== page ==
The World Health Organization developed the new Labor Care Guide to support clinicians in providing good quality, women-centered care during labor and childbirth.

Six ways primary care "medical homes" are lowering health care spending
New analysis of 394 U.S. primary care practices identifies the aspects of care delivery that are associated with lower health care spending and lower utilization of emergency care and hospital admissions.

Modifiable health risks linked to more than $730 billion in US health care costs
Modifiable health risks, such as obesity, high blood pressure, and smoking, were linked to over $730 billion in health care spending in the US in 2016, according to a study published in The Lancet Public Health.

Spending on primary care vs. other US health care expenditures
National health care survey data were used to assess the amount of money spent on primary care relative to other areas of health care spending in the US from 2002 to 2016.

MU Health Care neurologist publishes guidance related to COVID-19 and stroke care
A University of Missouri Health Care neurologist has published more than 40 new recommendations for evaluating and treating stroke patients based on international research examining the link between stroke and novel coronavirus (COVID-19).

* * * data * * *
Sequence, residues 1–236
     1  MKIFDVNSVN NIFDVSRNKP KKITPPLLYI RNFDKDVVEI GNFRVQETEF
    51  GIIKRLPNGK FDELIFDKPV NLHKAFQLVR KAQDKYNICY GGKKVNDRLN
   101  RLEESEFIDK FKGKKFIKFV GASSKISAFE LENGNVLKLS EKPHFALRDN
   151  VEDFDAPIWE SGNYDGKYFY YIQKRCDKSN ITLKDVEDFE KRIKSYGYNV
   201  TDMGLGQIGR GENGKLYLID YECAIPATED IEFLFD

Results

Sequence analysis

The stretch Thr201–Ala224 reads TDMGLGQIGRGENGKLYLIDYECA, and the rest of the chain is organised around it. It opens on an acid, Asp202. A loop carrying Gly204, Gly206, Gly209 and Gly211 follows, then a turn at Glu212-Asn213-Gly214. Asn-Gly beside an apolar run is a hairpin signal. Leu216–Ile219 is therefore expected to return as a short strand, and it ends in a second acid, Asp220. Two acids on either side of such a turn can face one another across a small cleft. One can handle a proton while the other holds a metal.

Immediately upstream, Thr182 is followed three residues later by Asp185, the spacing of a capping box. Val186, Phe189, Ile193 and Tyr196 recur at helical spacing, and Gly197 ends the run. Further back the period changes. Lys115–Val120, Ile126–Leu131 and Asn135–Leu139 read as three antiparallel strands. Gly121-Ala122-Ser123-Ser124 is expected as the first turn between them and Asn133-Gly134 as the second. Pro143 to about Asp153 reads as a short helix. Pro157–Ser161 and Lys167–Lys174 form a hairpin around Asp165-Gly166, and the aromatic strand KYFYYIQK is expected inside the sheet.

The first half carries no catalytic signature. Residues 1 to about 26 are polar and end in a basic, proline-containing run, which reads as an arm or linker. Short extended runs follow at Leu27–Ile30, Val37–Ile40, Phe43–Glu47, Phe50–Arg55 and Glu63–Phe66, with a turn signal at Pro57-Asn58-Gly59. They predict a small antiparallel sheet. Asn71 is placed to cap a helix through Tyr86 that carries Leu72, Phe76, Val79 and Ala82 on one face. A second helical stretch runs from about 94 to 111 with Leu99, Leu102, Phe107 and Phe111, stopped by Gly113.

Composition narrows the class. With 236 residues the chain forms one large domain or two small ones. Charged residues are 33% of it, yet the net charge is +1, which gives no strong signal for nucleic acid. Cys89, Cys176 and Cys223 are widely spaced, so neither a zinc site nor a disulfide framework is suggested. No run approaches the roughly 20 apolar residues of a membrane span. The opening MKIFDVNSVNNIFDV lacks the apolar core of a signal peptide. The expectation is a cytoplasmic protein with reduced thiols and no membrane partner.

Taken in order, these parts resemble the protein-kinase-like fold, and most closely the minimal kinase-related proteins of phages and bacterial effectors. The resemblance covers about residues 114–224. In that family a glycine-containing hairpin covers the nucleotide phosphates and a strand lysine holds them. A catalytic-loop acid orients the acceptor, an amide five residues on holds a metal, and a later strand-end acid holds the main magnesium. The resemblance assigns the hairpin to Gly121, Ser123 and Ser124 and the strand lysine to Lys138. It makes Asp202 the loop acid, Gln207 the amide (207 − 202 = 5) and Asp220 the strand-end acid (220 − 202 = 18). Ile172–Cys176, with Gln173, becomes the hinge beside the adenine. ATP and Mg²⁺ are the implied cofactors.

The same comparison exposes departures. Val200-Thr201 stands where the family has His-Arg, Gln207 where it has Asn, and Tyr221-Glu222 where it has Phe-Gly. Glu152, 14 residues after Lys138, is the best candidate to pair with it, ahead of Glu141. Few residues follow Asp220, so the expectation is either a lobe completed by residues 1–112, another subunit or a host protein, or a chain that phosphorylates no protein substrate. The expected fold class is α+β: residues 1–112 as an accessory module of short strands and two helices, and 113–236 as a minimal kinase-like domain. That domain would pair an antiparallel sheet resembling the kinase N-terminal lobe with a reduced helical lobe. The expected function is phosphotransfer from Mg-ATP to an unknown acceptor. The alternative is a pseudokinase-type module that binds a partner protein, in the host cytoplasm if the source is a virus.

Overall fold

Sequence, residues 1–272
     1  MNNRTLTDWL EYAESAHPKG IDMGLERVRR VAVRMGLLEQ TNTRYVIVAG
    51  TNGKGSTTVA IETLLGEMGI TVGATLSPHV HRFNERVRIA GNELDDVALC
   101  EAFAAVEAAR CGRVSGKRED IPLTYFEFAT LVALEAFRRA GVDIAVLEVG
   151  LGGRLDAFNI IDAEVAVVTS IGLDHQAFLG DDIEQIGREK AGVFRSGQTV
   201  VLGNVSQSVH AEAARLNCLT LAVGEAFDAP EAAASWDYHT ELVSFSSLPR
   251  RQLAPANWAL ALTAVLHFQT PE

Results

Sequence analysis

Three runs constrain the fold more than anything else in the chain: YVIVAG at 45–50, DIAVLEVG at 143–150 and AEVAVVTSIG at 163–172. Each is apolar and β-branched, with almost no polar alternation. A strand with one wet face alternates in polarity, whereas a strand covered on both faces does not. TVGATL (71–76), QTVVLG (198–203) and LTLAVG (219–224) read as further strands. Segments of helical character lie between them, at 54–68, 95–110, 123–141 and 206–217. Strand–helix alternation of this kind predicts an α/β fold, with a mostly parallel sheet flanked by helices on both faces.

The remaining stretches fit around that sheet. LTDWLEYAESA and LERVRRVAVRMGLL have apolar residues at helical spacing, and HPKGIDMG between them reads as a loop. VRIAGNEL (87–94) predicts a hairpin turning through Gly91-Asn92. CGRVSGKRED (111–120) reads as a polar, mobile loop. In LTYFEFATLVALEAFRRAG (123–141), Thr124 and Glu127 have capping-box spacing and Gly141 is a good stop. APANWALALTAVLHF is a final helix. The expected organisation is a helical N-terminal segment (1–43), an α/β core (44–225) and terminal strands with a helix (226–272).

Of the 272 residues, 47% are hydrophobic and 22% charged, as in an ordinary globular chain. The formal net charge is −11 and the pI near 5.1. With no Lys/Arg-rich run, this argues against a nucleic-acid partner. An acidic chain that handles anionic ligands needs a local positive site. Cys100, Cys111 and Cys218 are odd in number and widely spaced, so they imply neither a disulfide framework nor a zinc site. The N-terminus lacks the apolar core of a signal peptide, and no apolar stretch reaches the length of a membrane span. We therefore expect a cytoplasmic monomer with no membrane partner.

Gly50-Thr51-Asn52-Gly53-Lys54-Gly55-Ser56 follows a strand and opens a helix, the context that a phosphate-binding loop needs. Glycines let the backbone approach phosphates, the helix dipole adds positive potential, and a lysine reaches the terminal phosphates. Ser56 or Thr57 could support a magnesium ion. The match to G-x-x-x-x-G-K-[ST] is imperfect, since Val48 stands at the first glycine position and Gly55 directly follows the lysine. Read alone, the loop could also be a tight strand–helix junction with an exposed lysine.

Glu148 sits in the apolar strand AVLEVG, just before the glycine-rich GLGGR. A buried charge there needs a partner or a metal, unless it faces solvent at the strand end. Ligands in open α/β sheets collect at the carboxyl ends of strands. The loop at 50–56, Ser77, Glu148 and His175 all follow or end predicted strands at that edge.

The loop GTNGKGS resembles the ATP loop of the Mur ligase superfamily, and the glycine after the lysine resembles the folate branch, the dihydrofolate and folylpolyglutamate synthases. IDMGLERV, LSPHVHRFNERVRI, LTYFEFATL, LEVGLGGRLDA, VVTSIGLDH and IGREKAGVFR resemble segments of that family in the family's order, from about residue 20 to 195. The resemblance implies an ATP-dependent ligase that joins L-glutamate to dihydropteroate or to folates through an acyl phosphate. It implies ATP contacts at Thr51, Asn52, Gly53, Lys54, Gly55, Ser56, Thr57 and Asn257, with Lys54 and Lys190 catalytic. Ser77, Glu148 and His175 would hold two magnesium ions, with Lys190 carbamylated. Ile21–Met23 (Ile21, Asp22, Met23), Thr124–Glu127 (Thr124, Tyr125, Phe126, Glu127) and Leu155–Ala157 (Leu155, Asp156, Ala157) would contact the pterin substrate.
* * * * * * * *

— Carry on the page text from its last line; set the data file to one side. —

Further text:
Large federal program aimed at providing better health care underfunds primary care
Despite a mandate to help patients make better-informed health care decisions, a ten-year research program established under the Affordable Care Act has funded a relatively small number of studies that examine primary care, the setting where the majority of patients in the US receive treatment.

International medical graduates care for Medicare patients with greater health care needs
A study by a Massachusetts General Hospital research team indicates that internal medicine physicians who are graduates of medical schools outside the US care for Medicare patients with more complex medical needs than those cared for by graduates of American medical schools.

The Lancet Global Health: Improved access to care not sufficient to improve health, as epidemic of poor quality care revealed
Of the 8.6 million deaths from conditions treatable by health care, poor-quality care is responsible for an estimated 5 million deaths per year -- more than deaths due to insufficient access to care (3.6 million) .

Under Affordable Care Act, Americans have had more preventive care for heart health
By reducing out-of-pocket costs for preventive treatment, the Affordable Care Act appears to have encouraged more people to have health screenings related to their cardiovascular health.

High-deductible health care plans curb both cost and usage, including preventive care
A team of researchers based at IUPUI has conducted the first systematic review of studies examining the relationship between high-deductible health care plans and the use of health care services.

Read More: Health Care News and Health Care Current Events is a participant in the Amazon Services LLC Associates Program, an affiliate advertising program designed to provide a means for sites to earn advertising fees by advertising and linking to